Referring now to the right side of the Figure, which employs a frusto-conical inner liquid boundary and a cylindrical outer liquid boundary, it is seen that shot line 24 which traverses the liquid horizontally near the bottom has a length through the liquid of a little less than 3.3″, while diagonal shot line 26 traverses the liquid near the top and has a length through the liquid of 3.2″. In other words, due to the fact that the thickness of the liquid varies in a predetermined manner, all individual shot lines through the liquid have about the same length.
The significance of this is as follows. The containment apparatus is man-portable and is designed to be carried by two men when liquid-filled. Thus, there is a weight limitation imposed on the device, and the volume of the shell can only be so large and not any larger to keep the weight of the liquid down. In the prior art device depicted in the left portion of
An embodiment of the present invention is shown in
In general, keeping in mind the weight limitation of the filled container discussed above, the container is wider than it is tall, so that shot lines which can potentially cause the most damage, i.e., those which project at shallower angles from an explosion are intercepted by the container and liquid, while steeper shot lines may exit the cavity through the top. As discussed in further detail below, the top of the cavity may be covered with a lid, which in general aids in suppression of the pressure blast and fragments.
In accordance with the invention, the slope of the conically shaped inner wall or the portion of the inner wall which is conically shaped, is arranged to be of a magnitude which renders the shot line through the liquid to be about uniform. While, as depicted in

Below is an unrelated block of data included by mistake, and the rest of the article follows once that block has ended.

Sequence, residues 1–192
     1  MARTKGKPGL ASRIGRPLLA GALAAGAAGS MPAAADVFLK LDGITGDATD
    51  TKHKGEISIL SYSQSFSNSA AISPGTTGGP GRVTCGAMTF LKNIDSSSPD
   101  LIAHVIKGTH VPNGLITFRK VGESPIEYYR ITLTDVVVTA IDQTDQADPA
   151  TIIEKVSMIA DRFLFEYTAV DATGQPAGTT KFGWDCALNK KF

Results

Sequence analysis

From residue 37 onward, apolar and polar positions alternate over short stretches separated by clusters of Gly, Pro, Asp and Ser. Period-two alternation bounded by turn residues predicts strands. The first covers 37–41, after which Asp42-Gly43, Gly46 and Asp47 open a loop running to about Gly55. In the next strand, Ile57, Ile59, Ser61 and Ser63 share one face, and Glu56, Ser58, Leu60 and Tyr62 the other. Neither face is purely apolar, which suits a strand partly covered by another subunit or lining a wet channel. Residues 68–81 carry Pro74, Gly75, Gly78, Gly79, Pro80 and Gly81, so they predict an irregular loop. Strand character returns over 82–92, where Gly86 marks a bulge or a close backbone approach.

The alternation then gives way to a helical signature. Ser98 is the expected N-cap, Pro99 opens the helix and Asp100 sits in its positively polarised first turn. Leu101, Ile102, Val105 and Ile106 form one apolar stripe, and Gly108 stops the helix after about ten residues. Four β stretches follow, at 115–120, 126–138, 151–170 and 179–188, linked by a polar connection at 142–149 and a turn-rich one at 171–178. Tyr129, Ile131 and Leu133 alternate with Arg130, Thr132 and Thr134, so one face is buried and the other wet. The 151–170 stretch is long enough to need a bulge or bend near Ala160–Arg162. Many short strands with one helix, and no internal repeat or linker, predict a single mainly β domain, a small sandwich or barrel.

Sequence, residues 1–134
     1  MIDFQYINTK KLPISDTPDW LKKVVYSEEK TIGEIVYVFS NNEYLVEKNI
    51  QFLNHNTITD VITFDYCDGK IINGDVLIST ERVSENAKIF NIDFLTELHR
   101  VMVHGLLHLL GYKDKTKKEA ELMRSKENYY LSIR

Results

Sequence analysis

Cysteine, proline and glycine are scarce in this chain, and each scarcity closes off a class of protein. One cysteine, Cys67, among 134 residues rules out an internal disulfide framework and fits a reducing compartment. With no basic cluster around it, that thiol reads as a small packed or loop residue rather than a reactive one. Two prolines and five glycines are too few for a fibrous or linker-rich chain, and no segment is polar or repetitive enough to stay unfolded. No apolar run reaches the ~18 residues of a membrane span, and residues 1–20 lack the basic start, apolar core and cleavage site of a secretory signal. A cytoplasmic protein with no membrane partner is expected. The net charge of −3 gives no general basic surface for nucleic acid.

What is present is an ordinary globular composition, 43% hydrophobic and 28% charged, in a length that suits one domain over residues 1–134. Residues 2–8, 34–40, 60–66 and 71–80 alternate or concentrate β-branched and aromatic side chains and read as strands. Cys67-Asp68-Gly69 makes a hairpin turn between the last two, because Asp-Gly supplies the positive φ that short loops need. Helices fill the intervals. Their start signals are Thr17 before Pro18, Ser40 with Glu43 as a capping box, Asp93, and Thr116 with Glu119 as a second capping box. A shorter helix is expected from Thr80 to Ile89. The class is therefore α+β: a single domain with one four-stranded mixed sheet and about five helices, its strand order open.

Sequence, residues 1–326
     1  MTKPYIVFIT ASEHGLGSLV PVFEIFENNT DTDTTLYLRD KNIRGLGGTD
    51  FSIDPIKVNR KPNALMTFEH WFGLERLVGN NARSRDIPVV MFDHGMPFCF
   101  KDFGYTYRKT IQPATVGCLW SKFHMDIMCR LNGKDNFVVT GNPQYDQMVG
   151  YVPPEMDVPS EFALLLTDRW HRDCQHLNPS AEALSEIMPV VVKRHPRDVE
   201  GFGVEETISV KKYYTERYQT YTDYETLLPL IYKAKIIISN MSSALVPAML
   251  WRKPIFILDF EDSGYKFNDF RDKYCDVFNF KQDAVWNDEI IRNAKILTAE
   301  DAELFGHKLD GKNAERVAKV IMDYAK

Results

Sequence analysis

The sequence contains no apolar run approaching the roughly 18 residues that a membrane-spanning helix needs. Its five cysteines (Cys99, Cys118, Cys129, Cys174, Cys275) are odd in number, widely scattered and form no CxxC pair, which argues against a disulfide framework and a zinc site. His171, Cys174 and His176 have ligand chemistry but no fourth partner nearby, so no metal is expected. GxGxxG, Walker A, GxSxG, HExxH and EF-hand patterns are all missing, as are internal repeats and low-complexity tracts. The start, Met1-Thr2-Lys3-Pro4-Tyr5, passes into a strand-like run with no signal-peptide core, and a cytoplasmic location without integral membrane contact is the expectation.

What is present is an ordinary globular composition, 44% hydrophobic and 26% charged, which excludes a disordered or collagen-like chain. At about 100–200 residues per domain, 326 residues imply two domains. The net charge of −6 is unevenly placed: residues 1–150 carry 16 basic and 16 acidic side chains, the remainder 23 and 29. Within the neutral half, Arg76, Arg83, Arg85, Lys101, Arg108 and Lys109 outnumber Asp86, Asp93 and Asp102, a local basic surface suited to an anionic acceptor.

It should be understood that the slope which will provide a uniform shot line through the liquid is to a certain extent related to the outside diameter and height of the container. Once these dimensions as well as the minimum allowable liquid thickness are determined, which can be by trial and error, the slope which will provide a uniform shot line through the liquid can be determined with simple geometry. For dimensions considered to be most practical by the inventor, the slope of the inner container wall relative to the outer wall is preferably in the range of from 5° to 15° and most preferably in the range of from 6° to 10°. In an actual embodiment which was built, the slope was about 6°.
As mentioned, the container and possibly the top would be filled with a liquid, which may be water or a mixture of water and an anti-freezing agent, or which may be some other liquid. The container can be supplied to customers either filled with liquid or unfilled. The container, or more typically a fabric covering for the container, would have handles to permit it to be carried, usually by two persons.
The container may be placed over the suspected explosive device with the lid off so that personnel would have a clear view of the device inside the cavity. The device would preferably be located in about the center of the cavity. After situating the container in such position, the lid would be placed over the top, and the apparatus would be ready to do its job in suppressing or containing any explosion which might occur.
While the invention has been illustrated in connection with illustrative and preferred embodiments, it should be understood that variations will occur to those skilled in the art without departing from the spirit and scope of the invention. For example, it is emphasized that the dimensions given in
Thus, it is to be understood that the invention to be covered herein is defined by the following claims and their legal equivalents.